Elected fifteen months ago, Chairperson Gurung, inspected the revived infrastructure like foot trails, wooden bridge, community buildings, drainage, water taps, irrigation canals and public toilets. He said that these infrastructures are earthquake resilient and the Build Back Better Model will contribute to improve the livelihood of the people. Gurung also visited sites where the reconstruction is still ongoing.

Gurung got a positive impression about the project’s work when he visited a drainage constructed in Laprak. “I saw a reconstruction of drainage over the road which redirected the water to river, preventing possible landslides in the human settlement. This made me realize how a small intervention can prevent major disasters.”

“The people’s ownership of the project was ensured because it involved beneficiaries and local stake holders in the process of planning, selection and implementation,” said Gurung. “With the involvement of all stake holders, the project follows accountability and transparency parts. Truthfully, there are more demands for projects like this from the remote villages like Uhiya and Sirdibas Rural Municipality of Gorkha district.”

Chairperson Gurung holds the view that modality like food for asset and cash for asset are best suited in the villages. They fulfilled the demands of food for the food insecure local communities and cash based intervention helped local population to generate money required to fetch other necessary goods.

“After earthquake, many projects were implemented in Gorkha by different organizations for reconstruction of houses, schools and livelihood support. I found PRRO has secured a special place in the hearts and minds of people,” said Gurung,. “When I inspected some of the projects and interacted with our elected representatives and local community about the outcome, I found that people and elected representatives have owned it as their own programs.”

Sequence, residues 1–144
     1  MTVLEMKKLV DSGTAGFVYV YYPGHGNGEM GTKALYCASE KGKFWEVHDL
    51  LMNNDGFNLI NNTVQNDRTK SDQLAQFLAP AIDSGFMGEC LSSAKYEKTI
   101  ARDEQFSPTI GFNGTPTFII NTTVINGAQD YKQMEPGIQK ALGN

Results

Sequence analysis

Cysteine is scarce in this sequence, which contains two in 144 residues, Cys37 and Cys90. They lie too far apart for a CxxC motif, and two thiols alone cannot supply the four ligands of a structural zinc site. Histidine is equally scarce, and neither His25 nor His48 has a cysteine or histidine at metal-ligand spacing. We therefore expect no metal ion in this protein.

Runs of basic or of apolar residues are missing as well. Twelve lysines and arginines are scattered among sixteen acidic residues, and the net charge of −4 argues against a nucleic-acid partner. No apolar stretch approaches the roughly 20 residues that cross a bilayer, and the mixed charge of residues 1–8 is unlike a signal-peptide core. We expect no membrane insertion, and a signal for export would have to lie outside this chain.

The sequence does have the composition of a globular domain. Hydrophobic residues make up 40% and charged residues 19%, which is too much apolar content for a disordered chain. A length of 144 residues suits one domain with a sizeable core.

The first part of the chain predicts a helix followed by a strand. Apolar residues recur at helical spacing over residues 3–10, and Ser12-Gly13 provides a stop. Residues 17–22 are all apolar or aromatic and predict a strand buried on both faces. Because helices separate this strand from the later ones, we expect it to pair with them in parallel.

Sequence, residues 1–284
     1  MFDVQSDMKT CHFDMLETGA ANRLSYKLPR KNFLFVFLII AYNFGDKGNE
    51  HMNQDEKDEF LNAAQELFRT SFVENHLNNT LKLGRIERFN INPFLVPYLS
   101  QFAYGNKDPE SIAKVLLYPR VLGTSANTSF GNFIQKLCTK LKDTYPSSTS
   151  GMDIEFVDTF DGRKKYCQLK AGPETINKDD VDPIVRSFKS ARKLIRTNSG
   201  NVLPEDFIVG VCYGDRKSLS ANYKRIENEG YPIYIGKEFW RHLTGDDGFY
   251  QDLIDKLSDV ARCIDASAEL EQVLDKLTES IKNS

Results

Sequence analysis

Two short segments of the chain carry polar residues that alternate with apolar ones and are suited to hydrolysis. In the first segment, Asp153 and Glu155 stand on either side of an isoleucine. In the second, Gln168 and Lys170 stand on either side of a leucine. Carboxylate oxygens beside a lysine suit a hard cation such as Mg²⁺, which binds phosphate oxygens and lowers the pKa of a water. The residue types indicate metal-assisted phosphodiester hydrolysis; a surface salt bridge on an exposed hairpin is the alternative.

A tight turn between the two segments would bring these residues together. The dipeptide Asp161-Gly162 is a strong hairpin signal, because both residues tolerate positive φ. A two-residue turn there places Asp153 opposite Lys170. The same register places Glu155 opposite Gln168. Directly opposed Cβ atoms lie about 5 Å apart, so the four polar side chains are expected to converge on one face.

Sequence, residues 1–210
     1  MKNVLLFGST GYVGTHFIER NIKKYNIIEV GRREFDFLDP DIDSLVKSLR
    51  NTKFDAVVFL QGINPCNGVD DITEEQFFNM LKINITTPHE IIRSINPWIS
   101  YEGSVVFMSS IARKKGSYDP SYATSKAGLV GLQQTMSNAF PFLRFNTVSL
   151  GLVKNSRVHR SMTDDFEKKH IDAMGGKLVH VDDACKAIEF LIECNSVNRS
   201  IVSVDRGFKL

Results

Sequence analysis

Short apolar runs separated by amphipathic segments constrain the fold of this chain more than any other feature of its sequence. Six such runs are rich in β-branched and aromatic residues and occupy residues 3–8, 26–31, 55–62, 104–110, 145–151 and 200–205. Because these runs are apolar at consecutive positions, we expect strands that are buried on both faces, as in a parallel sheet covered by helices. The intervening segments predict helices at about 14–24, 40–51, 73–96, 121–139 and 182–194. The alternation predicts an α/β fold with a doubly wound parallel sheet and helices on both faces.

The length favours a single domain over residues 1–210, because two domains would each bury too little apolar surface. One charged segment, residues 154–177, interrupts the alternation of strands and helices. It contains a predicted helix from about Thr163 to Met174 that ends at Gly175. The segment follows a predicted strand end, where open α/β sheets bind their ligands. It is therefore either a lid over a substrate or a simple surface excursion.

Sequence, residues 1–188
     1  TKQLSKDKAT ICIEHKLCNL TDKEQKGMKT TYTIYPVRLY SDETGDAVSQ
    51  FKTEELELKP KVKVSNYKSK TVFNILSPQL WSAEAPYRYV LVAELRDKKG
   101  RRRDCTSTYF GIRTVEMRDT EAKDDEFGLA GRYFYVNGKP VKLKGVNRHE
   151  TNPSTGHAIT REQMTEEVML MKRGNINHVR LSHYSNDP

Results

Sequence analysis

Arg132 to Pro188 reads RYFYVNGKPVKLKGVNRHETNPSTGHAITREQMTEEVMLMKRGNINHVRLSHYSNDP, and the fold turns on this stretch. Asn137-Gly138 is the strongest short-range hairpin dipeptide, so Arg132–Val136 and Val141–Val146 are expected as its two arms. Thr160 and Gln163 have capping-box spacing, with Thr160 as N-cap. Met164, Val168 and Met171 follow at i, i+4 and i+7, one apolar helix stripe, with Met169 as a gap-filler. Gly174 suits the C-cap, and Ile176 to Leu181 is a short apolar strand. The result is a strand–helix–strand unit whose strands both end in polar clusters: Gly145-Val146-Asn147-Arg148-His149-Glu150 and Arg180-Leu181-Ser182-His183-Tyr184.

Gurung, who visited several other earthquake related projects implemented in the district, said PRRO has shown that there are plenty of spaces for elected representatives, local beneficiaries and LWF Nepal, UNWFP, and Goreto to work together.

“We have already received requests from elected representatives of Rural Municipality of Laprak and Uhiya to continue PRRO project in the region for a certain time,” said Gurung. “During the implementation of PRRO I and PRRO II, many local infrastructures were reconstructed.”

Projects come and go. However, some projects have left a long lasting impact. People were also found to be concerned about strong and earthquake resilient reconstruction.

The five project implementing sites are situated in two northern Rural Municipalities’ i.e. Chunumbri and Darche. The villages Sirdibas, Uhiya and Kashigaun villages are highly food insecure remote villages whereas Gumda and Laprak are found remotely located villages with improved food security situation but they have not returned to normalcy.